Sometimes we get to a point where we know what we are doing with our dogs, happy with feeding and grooming, have found some walks to suit your needs, maybe have even found training to work well for you or dog sport you feel comfortable with.
Then Bam! Something new turns up to turn everything upside down!
Last week Cassie achieved a Merit for her first ever Heekwork to Music Progress Award, for submissions done in December. This week Cassie started new medication as per new vet plus advice from a neurologist to help the irritation and discomfort she has had in her ear and neck for over 2 years (we have been trying to get to the bottom of this during that time). The meds main side effect of ataxia and this hit Cassie hard 3 days into starting the meds.
If you don’t know what ataxia is, put simply your dog looses control of their legs and look like they are drunk. They stumble, fall over nothing, walk into walls and in Cassies case can’t even stand still and up to toilet without help being held off the floor. Very disturbing for dogs to experience and quite a shock for owners when the day before the same dog was running, training etc!
So, what can I do for my dog? First thing was to get upset. I’m giving her these meds that are causing this so we had guilt also. Next thing was feel sorry for her.
Then I got pro-active – my little dog needs my help! All the previous conditioning work has meant she was already strong. So go back to the beginning and let’s look at real basic leg awareness exercises – stepping over the smallest pole on the ground, standing still, walking slowly, standing on solid items for a few seconds. Cassie loved it – we did everything slowly and I supported her throughout but after the first small session she wasn’t banging into things as much. Today, 3 days later, she is holding herself up to toilet and using the ramp for the garden!!
Dogs do get used to meds and the side effects – they ‘learn to cope’ – but helping your dog with something gentle yet familiar can help take away some of the confusion and help the brain and body remember what it CAN do. You can’t push your dog to bounce straight back and Cassie is way too wobbly to try standing on a balance cushion or do a set of cavaletti but we are maintaining familiar exercises which are helping her body remember plus keeping her level of conditioning good so when she is used to the meds she won’t have lost strength or awareness.
This brings me onto meds themselves. If your dog has a condition or gets ill try joining associations, help groups or forums specially for that condition rather then just looking it up online. Online can be scary and you may find things that upset you more and that may not apply to your dog! By being part of groups created by owners of dogs with the same condition you will hear about how other people cope, how they help their dog, what meds or supplements to be careful with or to try.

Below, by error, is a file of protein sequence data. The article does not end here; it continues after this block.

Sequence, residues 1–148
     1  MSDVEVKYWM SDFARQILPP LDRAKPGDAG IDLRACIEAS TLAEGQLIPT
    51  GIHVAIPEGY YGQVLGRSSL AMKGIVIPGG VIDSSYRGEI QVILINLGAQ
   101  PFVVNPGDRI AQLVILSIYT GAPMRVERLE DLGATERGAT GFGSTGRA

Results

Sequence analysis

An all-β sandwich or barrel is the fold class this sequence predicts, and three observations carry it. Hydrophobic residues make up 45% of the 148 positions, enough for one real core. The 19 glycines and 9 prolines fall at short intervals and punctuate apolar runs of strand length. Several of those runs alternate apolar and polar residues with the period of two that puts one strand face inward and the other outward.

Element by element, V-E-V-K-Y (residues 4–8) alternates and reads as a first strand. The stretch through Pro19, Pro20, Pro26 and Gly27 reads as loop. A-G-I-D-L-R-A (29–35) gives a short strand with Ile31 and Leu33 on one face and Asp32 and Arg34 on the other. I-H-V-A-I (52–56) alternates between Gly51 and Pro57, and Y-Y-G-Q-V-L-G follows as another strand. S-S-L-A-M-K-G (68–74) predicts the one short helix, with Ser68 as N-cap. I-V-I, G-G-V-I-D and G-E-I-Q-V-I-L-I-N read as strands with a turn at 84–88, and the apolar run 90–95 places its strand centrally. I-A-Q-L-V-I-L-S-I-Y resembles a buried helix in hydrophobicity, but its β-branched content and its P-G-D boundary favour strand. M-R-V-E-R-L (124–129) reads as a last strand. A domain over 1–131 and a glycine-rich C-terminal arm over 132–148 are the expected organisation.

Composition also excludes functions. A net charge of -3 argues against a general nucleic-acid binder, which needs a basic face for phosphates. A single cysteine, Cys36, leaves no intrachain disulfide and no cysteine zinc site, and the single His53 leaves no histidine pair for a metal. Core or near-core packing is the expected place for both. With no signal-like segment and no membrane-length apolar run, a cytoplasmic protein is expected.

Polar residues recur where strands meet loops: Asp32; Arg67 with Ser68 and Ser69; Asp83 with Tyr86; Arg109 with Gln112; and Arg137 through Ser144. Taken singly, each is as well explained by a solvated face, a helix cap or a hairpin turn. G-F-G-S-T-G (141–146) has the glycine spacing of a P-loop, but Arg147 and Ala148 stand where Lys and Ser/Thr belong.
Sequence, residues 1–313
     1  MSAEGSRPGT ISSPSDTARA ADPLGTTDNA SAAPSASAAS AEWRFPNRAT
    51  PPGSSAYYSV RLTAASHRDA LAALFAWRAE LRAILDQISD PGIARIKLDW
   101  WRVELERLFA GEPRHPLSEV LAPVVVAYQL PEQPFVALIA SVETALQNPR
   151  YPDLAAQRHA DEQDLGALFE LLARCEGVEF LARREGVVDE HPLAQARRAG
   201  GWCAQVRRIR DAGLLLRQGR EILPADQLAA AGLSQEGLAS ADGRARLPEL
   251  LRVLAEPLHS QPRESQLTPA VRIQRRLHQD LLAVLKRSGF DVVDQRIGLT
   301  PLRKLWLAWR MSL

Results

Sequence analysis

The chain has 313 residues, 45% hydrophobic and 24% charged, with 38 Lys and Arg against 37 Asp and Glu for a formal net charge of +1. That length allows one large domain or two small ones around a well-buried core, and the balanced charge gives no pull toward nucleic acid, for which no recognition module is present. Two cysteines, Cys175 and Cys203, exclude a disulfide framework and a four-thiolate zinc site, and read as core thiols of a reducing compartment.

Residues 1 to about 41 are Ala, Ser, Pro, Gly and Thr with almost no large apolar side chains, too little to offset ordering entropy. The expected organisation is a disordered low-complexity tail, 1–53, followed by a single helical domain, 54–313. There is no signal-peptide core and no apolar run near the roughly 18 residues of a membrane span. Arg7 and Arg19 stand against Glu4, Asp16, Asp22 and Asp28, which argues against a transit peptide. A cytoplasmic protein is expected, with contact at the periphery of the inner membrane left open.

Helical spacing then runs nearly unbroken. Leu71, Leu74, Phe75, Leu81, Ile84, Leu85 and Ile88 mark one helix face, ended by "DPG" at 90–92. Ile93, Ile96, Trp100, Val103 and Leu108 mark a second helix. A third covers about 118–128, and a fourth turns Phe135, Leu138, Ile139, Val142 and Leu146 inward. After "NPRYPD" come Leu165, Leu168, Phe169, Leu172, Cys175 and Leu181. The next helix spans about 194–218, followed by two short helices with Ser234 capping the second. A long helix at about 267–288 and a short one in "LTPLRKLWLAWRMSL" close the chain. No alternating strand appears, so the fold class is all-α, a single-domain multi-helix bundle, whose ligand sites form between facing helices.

Through a group I have been a member of for about 9 years I had learned a lot about the meds Cassie has just started – always fearing she may need it eventually but hoping not! This meant that although the vets didn’t give me all the insider info I already knew the side effects, the best way to give it, how to also support Cassie’s body from the meds’ physical side effects. Info from people who have experienced the same thing – and got through it!
Todays blog isn’t about sympathy for Cassie, or about moaning about vets not having all the info for every illness – that’s impossible to specialise in everything! But it’s intended to highlight how suddenly things can change but can be worked around. So if your dog gets an injury and has to have crate rest for 4 weeks instead of 2 hour daily walks and agility classes that’s a great time to start interactive toys, static training like prolonged nose targets and stays. If your dog has new meds and can’t continue their training for something active, remember their brain will still be active, so a great time to look at training something new that doesn’t require your dog to move much – cross paws? Focus exercises like Watch, working on Hold.
There’s the saying ‘every cloud has a silver lining’ – your dog being benched for days or weeks will be sad and possibly upsetting if you discover a terminal illness, but talk to owners of dogs with the same issue and see how you can help- I’m so glad I did and it’s helped me advise many other dog owners too. In fact my KCAI project is based on 13 years of research in one area of canine illness!
I work with dogs who have had surgery on legs, who are now deaf or blind, who have a life changing illness and each dog has needs and needs to be understood, but they still enjoy interacting and doing fun things with their owners – so please take time to accept your dogs condition and when you’re ready look at what they now can do instead of focusing on what they can’t.
Thursday morning Cassie literally couldn’t stand to toilet and I needed to hold her and help move her away after, today (Sat) she did the weaves in the photo – slowly and with guidance, but she didn’t fall at all and loved it!
Every dog is different, every owner is individual, but we can share our experiences to help each other help our canine companions x